Burney seemed set for a brilliant career as a novelist, if not as a dramatist. In 1786, however, after an abortive courtship by George Owen Cambridge, she accepted a position as Keeper of the Robes to Queen Charlotte at Windsor Castle, encouraged by her father who saw this as a way of improving the family fortunes. For Burney, however, the position meant a loss of contact with the everyday social world that had provided the fabric of her novels. Increasingly unhappy with her sequestered life at court and embittered by the harshness of her domineering colleague Elizabeth Schwellenberg, while also witnessing the harrowing mental breakdown of George III, she began writing tragic dramas in blank verse, drafting three before she left court service in 1791 and leaving a fourth in fragmentary form.
The first of these tragedies was Edwy and Elgiva. She began it in 1788, when George III’s malady was reaching its height, and completed an early version in 1790, a year before she left office in ill health—receiving a pension of £100 per annum (half of her court salary). In 1793 she met Alexandre d’Arblay, the former Adjutant-General of the Marquis de Lafayette, one of a number of aristocratic French émigrés living in Juniper Hall, Surrey, close to her friends, William and Frederica Lock at Norbury Park and also to her sister Susanna Phillips’s cottage at Mickleham. After a rapid, six-month courtship, the two were married, against her father’s wishes on 28 July in a Protestant ceremony at Mickleham Church, followed two days later by a Catholic rite in London. The marriage was, by all accounts, exceptionally happy, and Alexandre proved to be a devoted and surprisingly progressive husband, often acting as Frances’s amanuensis.
In the same month as her marriage, the second of Burney’s tragedies, Hubert De Vere, was accepted for production at Drury Lane, but later withdrawn in favour of Edwy and Elgiva. A revised version of the earlier play was accepted by John Philip Kemble and Sheridan for Drury Lane in December 1794, just before Burney gave birth to her only child, Alexander d’Arblay, and performed on a single, disastrous occasion, on 21 March 1795, with a prologue by her brother Charles. Occupied by her infant son, Burney could not fulfill her plans to make “divers corrections & alterations” to the tragedy before its premiere. Not surprisingly, the under-rehearsed tragedy, whose author had played no part in the crucial pre-production period when the text could be revised to suit the demands of the stage, proved to be a failure. Encouraged by her husband, Burney contemplated publication of her tragedy, to which she made extensive revisions, but the plan was opposed by her father. Burney went on to write three more comedies, one of which, Love and Fashion, was accepted for performance at Covent Garden, with a premiere scheduled for March 1800. The death of her sister Susanna in January, however, impelled her, at the urging of her father, to withdraw the play from production, and none of Burney’s comedies or tragedies was published in her lifetime.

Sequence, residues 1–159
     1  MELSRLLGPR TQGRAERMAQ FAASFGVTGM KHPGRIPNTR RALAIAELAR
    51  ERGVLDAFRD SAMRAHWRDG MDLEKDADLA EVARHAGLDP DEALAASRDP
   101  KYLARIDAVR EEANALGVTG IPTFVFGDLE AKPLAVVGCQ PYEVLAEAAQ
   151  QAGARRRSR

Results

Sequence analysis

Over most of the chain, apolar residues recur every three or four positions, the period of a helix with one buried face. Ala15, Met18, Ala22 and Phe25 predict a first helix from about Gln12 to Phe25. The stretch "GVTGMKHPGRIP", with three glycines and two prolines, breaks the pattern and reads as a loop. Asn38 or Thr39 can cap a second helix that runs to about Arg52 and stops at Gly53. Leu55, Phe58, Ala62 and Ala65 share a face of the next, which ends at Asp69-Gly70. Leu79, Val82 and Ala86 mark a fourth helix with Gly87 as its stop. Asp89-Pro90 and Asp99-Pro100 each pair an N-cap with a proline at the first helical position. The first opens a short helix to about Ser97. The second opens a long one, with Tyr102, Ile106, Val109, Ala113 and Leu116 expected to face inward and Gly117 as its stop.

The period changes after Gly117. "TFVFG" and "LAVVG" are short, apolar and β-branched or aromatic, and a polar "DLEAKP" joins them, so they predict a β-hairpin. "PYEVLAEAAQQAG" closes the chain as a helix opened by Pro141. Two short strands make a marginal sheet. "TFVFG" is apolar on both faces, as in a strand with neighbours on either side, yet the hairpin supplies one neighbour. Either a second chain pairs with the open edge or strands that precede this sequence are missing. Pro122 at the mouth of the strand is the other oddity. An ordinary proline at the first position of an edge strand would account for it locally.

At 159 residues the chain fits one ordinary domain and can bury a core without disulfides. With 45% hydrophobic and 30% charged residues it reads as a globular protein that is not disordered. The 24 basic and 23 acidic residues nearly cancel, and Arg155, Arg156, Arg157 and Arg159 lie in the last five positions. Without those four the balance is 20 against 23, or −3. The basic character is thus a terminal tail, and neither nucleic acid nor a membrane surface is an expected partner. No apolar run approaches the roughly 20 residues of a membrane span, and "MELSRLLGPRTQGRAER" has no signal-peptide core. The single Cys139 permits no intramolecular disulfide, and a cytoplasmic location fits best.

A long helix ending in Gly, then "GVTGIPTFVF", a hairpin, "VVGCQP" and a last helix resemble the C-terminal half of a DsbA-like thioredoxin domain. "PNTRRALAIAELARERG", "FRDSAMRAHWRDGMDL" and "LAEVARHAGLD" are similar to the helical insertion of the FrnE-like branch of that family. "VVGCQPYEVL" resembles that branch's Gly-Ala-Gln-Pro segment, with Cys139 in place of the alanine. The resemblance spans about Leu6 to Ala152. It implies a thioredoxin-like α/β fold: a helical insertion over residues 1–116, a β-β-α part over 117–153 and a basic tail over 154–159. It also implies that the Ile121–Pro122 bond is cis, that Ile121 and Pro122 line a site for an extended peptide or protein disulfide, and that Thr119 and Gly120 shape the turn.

In 1793, Burney published a pamphlet, Brief Reflections Relative to the Emigrant French Clergy, written on behalf of the Catholic clergy who had fled to England from Revolutionary France. Two thousand copies were printed and it was favourably reviewed, but no further editions appeared. A French translation by Alexandre d’Arblay was said, at the end of the pamphlet, to be in preparation, but it failed to appear.
While at court, Burney had begun to draft her third novel, Camilla, or, A Picture of Youth, which she termed her “grand ouvrage.” Published in five volumes by subscription in 1796, with a dedication to Queen Charlotte, it brought her financial security as well as fame. Proceeds from the subscription and from sale of the copyright brought Burney over £2,000, enabling her husband to design and build “Camilla Cottage” as a residence for the couple and their infant son on land belonging to the Locks at Norbury Park. In 1802, a second, substantially altered edition of Camilla was published: it was the only one of her novels to be significantly revised.